ContractsProf Blog

Editor: Jeremy Telman
Oklahoma City University
School of Law

Thursday, December 8, 2022

The Reefer Brief: SSL Investments v. Oroskar

Marijuana budToday, in our continuing occasional series on cases involving the marijuana industry, we bring you an account of a successful motion to compel arbitration in SSL Investments, LLC, v. Oroskar.   It's a pretty typical Reefer Brief Story.  THC oil distributor meets entity developing new technology for THC oil processing.  Distributor loves technological innovator.  Distributor enters into a long-term agreement with innovator.  Innovator's technology does not work as advertised.  Distributor sues innovator for RICO violations, inter alia.   

Defendants here are corporate entities and representatives of those corporate entities that approached SSL Investments (SSL), a processor and wholesale distributor of THC oil, to offer proprietary technology useful in the processing of such oil.  The process purported to produce oil of over 90% purity, while retaining cannabinoids present in the raw material.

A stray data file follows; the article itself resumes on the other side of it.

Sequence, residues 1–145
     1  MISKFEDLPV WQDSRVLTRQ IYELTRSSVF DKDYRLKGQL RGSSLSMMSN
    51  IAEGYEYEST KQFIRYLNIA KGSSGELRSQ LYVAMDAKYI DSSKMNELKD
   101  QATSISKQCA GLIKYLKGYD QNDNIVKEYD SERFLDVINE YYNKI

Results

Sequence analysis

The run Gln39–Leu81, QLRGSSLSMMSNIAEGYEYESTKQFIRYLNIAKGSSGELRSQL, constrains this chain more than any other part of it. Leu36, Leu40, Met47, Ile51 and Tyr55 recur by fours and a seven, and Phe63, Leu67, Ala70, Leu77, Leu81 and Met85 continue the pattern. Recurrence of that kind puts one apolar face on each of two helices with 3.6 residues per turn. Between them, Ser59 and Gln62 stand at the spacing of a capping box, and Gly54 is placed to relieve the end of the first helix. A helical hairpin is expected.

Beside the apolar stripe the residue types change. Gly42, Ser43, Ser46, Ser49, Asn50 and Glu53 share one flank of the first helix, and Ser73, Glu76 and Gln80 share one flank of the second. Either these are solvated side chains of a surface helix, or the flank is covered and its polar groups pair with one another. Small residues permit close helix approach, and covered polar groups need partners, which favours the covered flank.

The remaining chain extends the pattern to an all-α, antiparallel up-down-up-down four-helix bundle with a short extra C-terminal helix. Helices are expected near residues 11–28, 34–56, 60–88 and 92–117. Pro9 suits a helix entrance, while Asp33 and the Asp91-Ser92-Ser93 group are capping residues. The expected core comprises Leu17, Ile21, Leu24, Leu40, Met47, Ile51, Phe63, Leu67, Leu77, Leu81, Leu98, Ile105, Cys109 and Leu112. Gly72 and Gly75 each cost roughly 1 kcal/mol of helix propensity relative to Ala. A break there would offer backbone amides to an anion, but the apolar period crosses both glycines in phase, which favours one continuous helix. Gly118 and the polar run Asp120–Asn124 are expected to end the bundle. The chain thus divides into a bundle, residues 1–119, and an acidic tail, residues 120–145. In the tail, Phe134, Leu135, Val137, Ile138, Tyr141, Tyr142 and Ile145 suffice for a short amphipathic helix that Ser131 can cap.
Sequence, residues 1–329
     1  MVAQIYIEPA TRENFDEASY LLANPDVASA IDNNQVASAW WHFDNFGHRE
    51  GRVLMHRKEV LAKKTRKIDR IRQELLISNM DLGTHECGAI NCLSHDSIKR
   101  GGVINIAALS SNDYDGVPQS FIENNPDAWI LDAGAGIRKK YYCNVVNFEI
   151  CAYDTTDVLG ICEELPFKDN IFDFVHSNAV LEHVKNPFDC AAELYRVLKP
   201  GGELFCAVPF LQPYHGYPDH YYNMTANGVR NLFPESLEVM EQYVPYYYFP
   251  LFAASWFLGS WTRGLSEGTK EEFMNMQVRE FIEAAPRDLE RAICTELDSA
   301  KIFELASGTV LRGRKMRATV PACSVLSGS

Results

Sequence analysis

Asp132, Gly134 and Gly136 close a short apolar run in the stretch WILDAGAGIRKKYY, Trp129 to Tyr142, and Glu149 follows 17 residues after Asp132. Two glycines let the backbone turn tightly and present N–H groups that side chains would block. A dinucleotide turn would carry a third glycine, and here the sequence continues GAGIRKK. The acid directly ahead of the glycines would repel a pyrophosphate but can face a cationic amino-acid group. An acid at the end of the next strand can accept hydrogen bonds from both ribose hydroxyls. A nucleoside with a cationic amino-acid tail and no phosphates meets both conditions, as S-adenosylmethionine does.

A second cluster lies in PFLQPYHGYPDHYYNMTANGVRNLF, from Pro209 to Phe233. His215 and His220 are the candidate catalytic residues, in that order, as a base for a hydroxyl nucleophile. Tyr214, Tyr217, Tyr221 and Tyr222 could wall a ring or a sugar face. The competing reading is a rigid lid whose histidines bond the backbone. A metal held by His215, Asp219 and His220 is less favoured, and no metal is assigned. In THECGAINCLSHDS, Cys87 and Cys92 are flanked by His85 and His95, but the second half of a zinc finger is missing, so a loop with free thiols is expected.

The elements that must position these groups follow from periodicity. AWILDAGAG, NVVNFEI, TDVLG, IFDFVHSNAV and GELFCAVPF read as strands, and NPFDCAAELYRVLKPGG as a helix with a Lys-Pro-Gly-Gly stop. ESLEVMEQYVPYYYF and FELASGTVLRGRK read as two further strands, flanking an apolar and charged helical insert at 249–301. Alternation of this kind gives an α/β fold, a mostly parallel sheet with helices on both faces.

The parties entered into an agreement in 2018, and defendants installed their equipment in plaintiff's facility.  SSL alleges that not all of the equipment arrived, that the equipment failed to function as advertised, that defendants in fact used SSL's facility to engage in product research and development, and that defendants induced SSL to invest in their equipment.  Less than one year into the relationship, defendants terminated the agreement and removed their equipment.  SSL sued, claiming losses arising from defendants' violation of RICO (wire fraud), conspiracy to violate RICO, fraud, fraudulent concealment, unlawful business practices, and false advertising.  Defendants responded with a motion to compel arbitration.

Plaintiff attempted to avoid the arbitration provision by pointing out that its claims arise in tort, not contract, and thus the contractual provision ought not to govern.  The court rejected this argument, noting that all of SSL's claims arise out of the agreement and the parties' conduct regarding the agreement.  Although the Federal Arbitration Act calls for District Courts to stay proceedings when granting a motion to compel arbitration, the Ninth Circuit permits District Courts, in the exercise of their discretion, to dismiss the action when all claims are arbitrable.  That being the case here, the District Court dismissed SSL's claims without prejudice.

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